The UNSC resolution (supported by only three major powers, US, UK and France) is nowhere authorized in any international law nor by the UN Charter in any way. It merely served as a convenient (but illegal) crutch for another country subjected to a U.S. military attack. In fact the ‘no-fly zone’ operation morphed into an intensive bombing campaign to promote a change in Libya’s government, as we knew it would.
    UN Security Council resolutions are binding only when they are invoked under Chapter VII of the Charter.
    The chapter includes nineteen articles, starting with Article 33. The first nine articles detail peaceful procedures to be taken to settle disputes between states, and then:
    Article 42
    “Should the Security Council consider that measures provided for in Article 41 would be inadequate or have proved to be inadequate, it may take such action by air, sea, or land forces as may be necessary to maintain or restore international peace and security. Such action may include demonstrations, blockade, and other operations by air, sea, or land forces of Members of the United Nations.”
    So we have nine articles on: bringing and investigating any dispute, considering procedures of settlement, making recommendations, determining threats to international peace and security, corrective measures, interruptions or severance of relations, etc. and then an article for military action to settle an international dispute and restore international peace and security. ** INTERNATIONAL ** (between nations).
    There was no such attempt to settle the Libya revolution problem IAW the UN Charter, which decent people toiled to construct some seventy years ago in the fervent hope that ‘preferred models for any future military interventions’ might be obsoleted.
    They failed, apparently.

  6. News came last week when rabbles went into Tripoli about Libya’s oil, said it is the biggest reserved in Africa…The best quality and very close to EU markets…
    Libya ….looks for “the invisible woman”?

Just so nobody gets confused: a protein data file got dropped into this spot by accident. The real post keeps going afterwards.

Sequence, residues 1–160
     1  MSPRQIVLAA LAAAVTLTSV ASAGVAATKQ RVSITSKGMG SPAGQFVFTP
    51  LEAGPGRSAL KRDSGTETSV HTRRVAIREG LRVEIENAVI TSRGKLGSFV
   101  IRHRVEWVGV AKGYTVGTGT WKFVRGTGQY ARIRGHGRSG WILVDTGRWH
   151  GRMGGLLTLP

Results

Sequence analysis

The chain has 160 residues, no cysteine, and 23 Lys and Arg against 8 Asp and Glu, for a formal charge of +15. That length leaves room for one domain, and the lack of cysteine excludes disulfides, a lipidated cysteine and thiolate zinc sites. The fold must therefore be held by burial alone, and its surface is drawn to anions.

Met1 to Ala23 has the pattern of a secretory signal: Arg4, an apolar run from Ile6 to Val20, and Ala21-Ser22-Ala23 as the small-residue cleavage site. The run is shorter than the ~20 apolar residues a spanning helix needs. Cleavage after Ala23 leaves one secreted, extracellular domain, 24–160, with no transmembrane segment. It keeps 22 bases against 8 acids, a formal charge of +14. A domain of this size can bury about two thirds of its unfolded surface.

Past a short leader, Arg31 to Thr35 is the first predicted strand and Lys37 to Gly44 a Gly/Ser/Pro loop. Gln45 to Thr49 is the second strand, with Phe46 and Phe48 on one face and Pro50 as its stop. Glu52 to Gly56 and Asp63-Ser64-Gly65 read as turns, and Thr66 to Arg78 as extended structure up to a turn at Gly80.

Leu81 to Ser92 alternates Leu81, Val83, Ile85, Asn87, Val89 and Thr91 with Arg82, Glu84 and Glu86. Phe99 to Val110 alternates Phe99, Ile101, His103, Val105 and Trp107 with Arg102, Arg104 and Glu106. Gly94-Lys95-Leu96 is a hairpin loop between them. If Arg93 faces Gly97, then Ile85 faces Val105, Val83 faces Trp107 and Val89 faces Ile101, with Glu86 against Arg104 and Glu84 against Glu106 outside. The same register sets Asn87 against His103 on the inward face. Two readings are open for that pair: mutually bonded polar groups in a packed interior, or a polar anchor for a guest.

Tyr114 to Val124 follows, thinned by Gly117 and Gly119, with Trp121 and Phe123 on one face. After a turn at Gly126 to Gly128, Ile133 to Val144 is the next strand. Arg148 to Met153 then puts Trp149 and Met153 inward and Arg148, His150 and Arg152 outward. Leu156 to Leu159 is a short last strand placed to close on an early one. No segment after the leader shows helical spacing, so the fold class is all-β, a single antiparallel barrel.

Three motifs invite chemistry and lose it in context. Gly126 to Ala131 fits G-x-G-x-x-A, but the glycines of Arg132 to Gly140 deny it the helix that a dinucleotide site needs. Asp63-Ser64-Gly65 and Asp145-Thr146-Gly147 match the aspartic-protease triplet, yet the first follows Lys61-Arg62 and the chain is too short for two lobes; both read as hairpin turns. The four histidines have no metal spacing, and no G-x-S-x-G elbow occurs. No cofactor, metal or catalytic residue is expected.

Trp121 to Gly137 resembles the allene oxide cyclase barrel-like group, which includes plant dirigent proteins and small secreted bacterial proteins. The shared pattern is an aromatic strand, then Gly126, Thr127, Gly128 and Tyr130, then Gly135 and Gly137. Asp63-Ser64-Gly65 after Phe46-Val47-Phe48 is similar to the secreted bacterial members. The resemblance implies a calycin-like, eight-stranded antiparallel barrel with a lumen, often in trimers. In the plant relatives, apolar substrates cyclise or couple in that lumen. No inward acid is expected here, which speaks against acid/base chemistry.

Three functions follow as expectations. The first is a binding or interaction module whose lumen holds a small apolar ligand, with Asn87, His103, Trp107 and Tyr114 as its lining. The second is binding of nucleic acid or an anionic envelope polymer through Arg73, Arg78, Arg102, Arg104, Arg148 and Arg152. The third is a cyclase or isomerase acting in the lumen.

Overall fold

Lady Ashton, 55, a Labour peer appointed by Gordon Brown, is the world’s highest paid female politician on a salary of £270,000. A former treasurer of the Campaign for Nuclear Disarmament who has never been elected to any public position, she had no foreign policy experience when she was appointed to her post promising to speak for 27 EU foreign ministers.

    But to the private delight of her opponents, and the dismay of the federalist supporters who created her job, the lacklustre performance of Baroness Ashton of Upholland after more than a year in office has earned her the nickname “the invisible woman”.

  7. One of the interesting aspects of the Libyan story is that so many Western governments recognised the TNC as the legitimate government of Libya long before it gained control of the country, and probably even longer before they gained an understanding of what actually constitutes the TNC. If Pepe Escobar on the Asia Times website is correct, they are in for a big surprise. This premature recognition is surely as important an innovation in international relations as President Obama’s new definition of war, namely armed conflict in which one’s own side suffers casualties, and not armed conflict in which one’s own side participates without suffering casualties.

  8. Iraq was the model for using the US military to convert a secular Arab state to an Islamic one.
    Libya Draft Constitutional Charter:
    Libya is an independent Democratic State wherein the people are the source of authorities. The city of Tripoli shall be the capital of the State. Islam is the Religion of the State and the principal source of legislation is Islamic Jurisprudence (Sharia). . .
    Abdelhakim Belhaj, the Libyan rebel military commander who recently took Tripoli (with US military assistance) heads the Libyan Islamic Fighting Group (LIFG) which has been on the State Department List of Specially Designated Global Terrorists since September 23, 2001.
    Way to go, Barry, supporting terrorists and all.